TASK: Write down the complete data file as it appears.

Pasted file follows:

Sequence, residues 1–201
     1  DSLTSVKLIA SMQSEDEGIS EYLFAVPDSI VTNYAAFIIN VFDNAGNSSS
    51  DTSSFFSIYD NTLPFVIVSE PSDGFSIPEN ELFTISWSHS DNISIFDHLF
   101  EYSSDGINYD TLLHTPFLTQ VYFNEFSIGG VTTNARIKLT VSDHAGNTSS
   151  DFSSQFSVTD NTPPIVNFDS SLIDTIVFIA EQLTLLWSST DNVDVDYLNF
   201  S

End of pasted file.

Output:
Sequence, residues 1–201
     1  DSLTSVKLIA SMQSEDEGIS EYLFAVPDSI VTNYAAFIIN VFDNAGNSSS
    51  DTSSFFSIYD NTLPFVIVSE PSDGFSIPEN ELFTISWSHS DNISIFDHLF
   101  EYSSDGINYD TLLHTPFLTQ VYFNEFSIGG VTTNARIKLT VSDHAGNTSS
   151  DFSSQFSVTD NTPPIVNFDS SLIDTIVFIA EQLTLLWSST DNVDVDYLNF
   201  S